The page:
A VIOLENT teenage mum must give birth to her second child behind bars after a judge said it was best for her, the baby and society.
Troubled Natalie Harvey, who is 31 weeks pregnant, had been desperate to have the child out of prison.
But a court heard she had a chaotic lifestyle and had not been attending all her ante-natal appointments or co-operating with social services.
Judge Simon Newell said Harvey needed stability and custody would provide the best chance of the infant being born healthy and give her an opportunity to bond with it.
Harvey, placed in care at three-years-old and who became a mother at the age of 16, appeared for sentence at Burnley Crown Court.
Last August, the defendant, said to have behaved ‘like a caged animal’ in the past, had exploded with rage and kicked and thumped a woman in a ‘shocking’ unprovoked attack in a busy McDonalds restaurant.
The sentencing hearing was told that since the case was adjourned for psychological reports at the end of April, Harvey had dumped her partner Wayne Kinvig, a serial conman who was the father of her unborn child, after alleging domestic violence and moved in with a new boyfriend.
Harvey, who has more than 20 offences on her record, had also been approached by Heat magazine for her side of the story, after her case made the news.
Her barrister Timothy Brennand told the court: "It may be its a reflection of the Kardashian culture that we perhaps live in that a sad story of a girl from Burnley should make its way to the national press as it did."
The defendant, who had recently been living in Preston where she went to start a new life with Kinvig, was jailed for 12 months.
The court had earlier been told how Harvey had grabbed Ann-Marie Gornall, pulled her to the floor and kicked her repeatedly in the afternoon incident at the Burnley restaurant.
She had told the woman, who had previously been the victim of violence at the defendant's hands: "You're going to get stabbed up... Why have you got me done? You are going to get me sent down for this."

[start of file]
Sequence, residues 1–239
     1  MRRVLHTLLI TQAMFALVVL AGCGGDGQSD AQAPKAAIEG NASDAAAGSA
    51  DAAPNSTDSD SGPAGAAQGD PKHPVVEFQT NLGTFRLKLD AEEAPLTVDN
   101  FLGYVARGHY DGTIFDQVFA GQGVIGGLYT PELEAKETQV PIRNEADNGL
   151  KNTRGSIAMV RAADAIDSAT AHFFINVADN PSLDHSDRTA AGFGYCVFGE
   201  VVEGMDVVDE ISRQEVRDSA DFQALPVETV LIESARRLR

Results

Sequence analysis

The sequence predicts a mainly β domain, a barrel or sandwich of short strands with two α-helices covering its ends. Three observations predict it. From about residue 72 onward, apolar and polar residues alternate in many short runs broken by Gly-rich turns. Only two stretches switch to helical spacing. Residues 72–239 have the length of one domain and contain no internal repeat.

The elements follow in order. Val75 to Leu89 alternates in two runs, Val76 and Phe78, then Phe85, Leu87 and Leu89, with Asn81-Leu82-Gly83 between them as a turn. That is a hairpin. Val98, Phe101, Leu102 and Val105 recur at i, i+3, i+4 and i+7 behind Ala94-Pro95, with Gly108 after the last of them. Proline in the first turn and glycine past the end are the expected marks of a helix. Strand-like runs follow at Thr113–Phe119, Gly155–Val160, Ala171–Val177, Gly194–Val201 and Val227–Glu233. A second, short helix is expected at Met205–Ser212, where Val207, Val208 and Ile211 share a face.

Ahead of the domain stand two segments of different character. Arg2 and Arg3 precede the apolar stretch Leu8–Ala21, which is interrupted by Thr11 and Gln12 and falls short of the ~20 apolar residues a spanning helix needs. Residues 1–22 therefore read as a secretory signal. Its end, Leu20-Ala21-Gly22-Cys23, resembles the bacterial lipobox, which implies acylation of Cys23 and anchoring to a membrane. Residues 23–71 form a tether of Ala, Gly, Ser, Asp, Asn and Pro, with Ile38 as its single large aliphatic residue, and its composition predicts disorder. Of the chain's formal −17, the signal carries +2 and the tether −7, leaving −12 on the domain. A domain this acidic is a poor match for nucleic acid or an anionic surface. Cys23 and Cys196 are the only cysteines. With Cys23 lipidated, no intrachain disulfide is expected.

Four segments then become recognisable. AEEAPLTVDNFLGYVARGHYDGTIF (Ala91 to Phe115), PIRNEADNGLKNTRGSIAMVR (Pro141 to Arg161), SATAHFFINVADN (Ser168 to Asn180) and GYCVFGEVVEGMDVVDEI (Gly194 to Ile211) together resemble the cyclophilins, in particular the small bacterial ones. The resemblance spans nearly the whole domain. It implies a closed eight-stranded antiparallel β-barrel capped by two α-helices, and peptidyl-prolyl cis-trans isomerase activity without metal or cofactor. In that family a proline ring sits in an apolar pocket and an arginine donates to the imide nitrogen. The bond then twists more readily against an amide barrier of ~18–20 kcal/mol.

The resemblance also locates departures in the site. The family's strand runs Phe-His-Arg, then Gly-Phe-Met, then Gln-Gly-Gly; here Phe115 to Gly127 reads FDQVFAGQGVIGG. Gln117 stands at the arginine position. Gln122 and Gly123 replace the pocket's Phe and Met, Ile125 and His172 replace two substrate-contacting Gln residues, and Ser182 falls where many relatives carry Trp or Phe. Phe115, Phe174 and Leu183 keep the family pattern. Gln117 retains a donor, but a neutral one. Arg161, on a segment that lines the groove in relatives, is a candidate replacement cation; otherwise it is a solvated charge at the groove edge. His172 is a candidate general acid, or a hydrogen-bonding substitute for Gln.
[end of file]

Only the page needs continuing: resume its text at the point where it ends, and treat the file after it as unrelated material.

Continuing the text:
Harvey was given a supervision order by magistrates for the earlier battery offence and resisting a police officer.
It was imposed four days after she was given an interim anti-social order which banned her from a large part of Burnley town centre after a catalogue of abuse against shoppers and workers.
Mr Brennand, defending, described Harvey as a ‘very difficult and very troubled young lady’ and a ‘simple individual’.
He said: "She should by rights go to prison. This was an unpleasant and rather sustained verbal and physical attack on the complainant."
But, he added giving birth in custody might have a profound effect on her psychologically.
The barrister said the medical report's conclusion was that Harvey was suffering from a major depressive disorder and had been for many years.
She had lost both her parents - her father was ‘brutally murdered’ - and had no grandparents or siblings.
Mr Brennand continued: "All she's got are the people that she can pass off as friends and no structured support whatsoever."
The barrister said: "She is terrified that, having split from the child's father, that it's inevitably going to be that the child will be taken from her at birth.”
Sentencing, Judge Newell told Harvey: "You have an awfully sad life and background behind you."
The judge said it was deeply troubling to see what had happened to her and her family in recent years and it may explain why somebody of just 19 had committed 21 offences, a lot of them for violence and it may explain her random, haphazard and chaotic life, not just in the past, but even more recently.
Judge Newell said: "What's vitally important, it seems to me, in the next two or three months, in your interests, in your child's interests, but more particularly in society's interests, is that there is some stability, some proper medical help and some assistance."
"Prison provides punishment and it provides a deterrent and these are the main reasons people go to prison.
“But, prison also has benefits. It can work towards rehabilitation, it can work towards improving somebody's health and it can work towards stabilisation and it seems to me in these circumstances, despite your best endeavours, that stabilisation, at least for a short period of time, ought to be put in place."